The New Era. (Davenport, Okla.), Vol. 3, No. 52, Ed. 1 Thursday, January 25, 1912 Page: 1 of 6
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in politics - a fair
deal for everyone
devoted to the in-
terests of one of
the best towns in
Vol. 3. No. 52.
DAVENPORT, LINCOLN COUNTY, OKLAHOMA, THURSDAY, JAN. 25, 1912.
$1.00 per year
Has Started Something
It is the Era'a opinion that the
Chandler Review started some-
thing last week that will cause
the politicians of Lincoln county
considerable loss of sleep before
they get it stopped. The Re-
view states that it has been ask-
ed by a responsible citizen to in-
vite consideration of a plan to
select candidates who will pledge
to furnish their own deputies.
"Salaries are fixed by law and
cannot be cut down arbitrarily,
but the law does not compel dep-
uty service. * * * * Those re-
receiving the highest (salaries)
could pay a deputy $900 and still
have $1,475 for themselves, or
about $125 per month, and that
is more than some of them could
otherwise earn. Besides good
deputies could be had for a third
less. The assessor can make a
thousand clear and have all his
work done by competent men."
The salaries of the county of-
ficeas are as follows:
County Judge - - $2,375
County Attorney - 2,374
Sheriff - - 2,375
Treasurer - - 2,125
District Clerk - 2,125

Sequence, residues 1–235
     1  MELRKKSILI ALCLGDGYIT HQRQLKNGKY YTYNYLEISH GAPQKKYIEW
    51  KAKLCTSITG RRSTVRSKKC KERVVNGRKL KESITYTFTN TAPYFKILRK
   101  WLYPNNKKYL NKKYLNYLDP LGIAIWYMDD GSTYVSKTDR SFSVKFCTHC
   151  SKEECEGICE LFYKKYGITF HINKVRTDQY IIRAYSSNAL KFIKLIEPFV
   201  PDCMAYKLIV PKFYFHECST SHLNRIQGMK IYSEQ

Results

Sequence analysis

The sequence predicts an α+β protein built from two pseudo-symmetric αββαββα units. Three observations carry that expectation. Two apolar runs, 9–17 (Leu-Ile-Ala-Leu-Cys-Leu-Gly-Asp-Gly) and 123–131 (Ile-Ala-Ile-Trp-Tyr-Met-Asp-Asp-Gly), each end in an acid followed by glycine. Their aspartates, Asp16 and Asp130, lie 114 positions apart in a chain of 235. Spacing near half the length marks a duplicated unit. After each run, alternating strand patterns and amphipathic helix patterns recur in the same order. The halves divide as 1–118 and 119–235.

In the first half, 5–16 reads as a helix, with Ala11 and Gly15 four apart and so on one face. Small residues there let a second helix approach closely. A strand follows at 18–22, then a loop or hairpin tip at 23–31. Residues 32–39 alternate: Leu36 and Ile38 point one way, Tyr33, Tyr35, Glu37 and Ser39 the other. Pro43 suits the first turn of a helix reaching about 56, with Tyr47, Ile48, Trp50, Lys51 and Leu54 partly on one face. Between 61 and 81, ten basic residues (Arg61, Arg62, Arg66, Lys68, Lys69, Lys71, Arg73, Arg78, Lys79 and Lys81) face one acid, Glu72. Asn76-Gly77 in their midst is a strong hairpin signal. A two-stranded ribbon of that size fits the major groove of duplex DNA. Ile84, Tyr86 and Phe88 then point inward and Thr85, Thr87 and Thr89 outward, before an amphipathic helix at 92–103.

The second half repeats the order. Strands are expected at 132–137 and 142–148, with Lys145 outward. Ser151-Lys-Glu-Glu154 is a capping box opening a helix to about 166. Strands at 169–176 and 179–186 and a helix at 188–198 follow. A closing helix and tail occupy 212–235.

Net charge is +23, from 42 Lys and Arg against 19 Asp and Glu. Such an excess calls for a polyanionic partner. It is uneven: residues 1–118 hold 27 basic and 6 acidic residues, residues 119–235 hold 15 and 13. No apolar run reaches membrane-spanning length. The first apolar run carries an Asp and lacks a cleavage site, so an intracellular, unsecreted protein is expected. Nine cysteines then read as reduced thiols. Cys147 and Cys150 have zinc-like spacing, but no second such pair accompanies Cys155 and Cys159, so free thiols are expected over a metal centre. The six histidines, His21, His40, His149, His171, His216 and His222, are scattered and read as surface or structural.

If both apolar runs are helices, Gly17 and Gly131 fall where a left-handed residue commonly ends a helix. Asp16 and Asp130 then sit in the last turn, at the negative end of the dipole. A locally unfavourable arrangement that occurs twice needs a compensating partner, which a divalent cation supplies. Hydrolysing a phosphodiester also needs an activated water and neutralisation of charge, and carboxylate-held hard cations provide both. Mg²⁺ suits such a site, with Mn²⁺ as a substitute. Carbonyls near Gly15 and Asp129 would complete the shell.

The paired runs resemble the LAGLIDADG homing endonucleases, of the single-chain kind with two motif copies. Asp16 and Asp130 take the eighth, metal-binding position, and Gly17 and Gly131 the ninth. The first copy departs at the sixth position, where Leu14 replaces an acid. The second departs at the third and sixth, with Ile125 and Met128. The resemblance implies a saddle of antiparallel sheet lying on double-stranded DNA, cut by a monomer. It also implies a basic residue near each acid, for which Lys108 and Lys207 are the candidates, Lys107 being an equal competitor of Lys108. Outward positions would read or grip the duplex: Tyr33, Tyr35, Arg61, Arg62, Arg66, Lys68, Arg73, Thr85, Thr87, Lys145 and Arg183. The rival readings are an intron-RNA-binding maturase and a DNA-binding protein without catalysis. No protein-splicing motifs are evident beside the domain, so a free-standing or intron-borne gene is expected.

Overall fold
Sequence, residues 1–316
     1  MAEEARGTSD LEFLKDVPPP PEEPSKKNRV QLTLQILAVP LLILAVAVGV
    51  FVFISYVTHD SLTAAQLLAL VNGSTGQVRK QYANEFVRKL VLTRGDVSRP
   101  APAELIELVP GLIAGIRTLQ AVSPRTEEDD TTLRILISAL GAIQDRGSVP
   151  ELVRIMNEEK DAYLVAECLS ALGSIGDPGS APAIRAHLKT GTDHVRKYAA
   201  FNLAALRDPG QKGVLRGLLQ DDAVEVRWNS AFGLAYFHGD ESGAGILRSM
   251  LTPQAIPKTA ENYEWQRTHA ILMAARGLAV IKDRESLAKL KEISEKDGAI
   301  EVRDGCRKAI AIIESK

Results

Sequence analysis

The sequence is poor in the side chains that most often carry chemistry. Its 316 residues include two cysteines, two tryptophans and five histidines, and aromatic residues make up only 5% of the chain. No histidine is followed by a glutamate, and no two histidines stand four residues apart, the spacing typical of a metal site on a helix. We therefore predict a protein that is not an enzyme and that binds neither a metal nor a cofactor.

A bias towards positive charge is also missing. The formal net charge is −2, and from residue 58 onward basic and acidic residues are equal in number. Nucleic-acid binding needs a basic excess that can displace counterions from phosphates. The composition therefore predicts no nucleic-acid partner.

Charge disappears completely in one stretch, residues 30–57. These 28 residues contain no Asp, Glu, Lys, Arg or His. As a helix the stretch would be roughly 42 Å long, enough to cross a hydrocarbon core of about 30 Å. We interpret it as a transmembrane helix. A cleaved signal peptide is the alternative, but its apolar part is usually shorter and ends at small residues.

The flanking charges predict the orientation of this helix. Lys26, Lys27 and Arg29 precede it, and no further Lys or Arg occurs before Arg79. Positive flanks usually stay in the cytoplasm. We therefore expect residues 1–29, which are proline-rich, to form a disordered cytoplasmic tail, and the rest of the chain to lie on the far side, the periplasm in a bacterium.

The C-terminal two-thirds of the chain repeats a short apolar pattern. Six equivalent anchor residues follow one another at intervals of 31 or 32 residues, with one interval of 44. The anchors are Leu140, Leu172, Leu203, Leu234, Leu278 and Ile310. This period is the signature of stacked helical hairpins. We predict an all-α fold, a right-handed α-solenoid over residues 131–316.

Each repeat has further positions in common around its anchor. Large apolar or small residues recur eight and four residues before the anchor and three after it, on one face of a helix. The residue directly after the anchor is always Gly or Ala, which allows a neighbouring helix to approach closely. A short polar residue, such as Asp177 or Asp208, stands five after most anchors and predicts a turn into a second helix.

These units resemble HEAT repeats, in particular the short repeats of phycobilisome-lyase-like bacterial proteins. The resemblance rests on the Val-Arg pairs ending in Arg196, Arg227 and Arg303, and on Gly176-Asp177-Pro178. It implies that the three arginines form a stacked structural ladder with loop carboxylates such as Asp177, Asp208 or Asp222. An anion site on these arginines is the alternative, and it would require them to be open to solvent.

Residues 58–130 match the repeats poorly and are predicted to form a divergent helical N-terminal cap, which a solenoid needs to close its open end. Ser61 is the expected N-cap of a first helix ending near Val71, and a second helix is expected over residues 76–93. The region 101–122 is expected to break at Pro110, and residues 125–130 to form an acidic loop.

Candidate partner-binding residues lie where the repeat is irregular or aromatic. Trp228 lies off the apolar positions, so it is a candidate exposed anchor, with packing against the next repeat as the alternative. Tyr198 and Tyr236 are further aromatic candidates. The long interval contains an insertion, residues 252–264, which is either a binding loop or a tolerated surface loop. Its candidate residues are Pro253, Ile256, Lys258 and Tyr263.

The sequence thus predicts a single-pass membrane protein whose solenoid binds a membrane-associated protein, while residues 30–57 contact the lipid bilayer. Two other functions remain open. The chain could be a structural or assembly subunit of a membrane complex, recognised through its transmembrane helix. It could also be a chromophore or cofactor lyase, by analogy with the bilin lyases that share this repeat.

Register of Deeds - 2,125
County Superintendent 1,000
Clerk of County Court 1,200
First deputy in all offices 900
Second deputy - • 600
First deputy - 000
Commissioners - 700
The latter get fees and milage
in addition to the above amount.
"The county assessor draws
5 per cent of the assessments on
the first two millions, 2A per cent
on the next three millions and
li per cent on the next 30 mil-
lions, over that '% per cent. For
a 25 million assessment he would
receive about $4,750."
The proposition to exact from
pledges, right now is the time
for them to speak up.
Around the Court Huuse
The following marriage li-
censes were issued out of the
County Court since our last re-
Josie Todd and Goldie Brooks
(col.) both of Stroud.
Jesse E. McFarland an if Cora
Clinginpee), both of Stroud.
Harry H. Humphries, Sparks
and Mattie Alex, Sparks (col.)
Robert K. Lokey and Harriel
Reece, both of Sparks.
Herman Pickett and Lettie,
Thompson, both of Avery.
John H. Anderson, Payson
and Oda G. Haunn Meeker.
Sylvester M Jones and Daisv
E. Dunsmore, both of Chandler.
It has been determined by Dis
trict Judge, C. B. Wilson, Jr.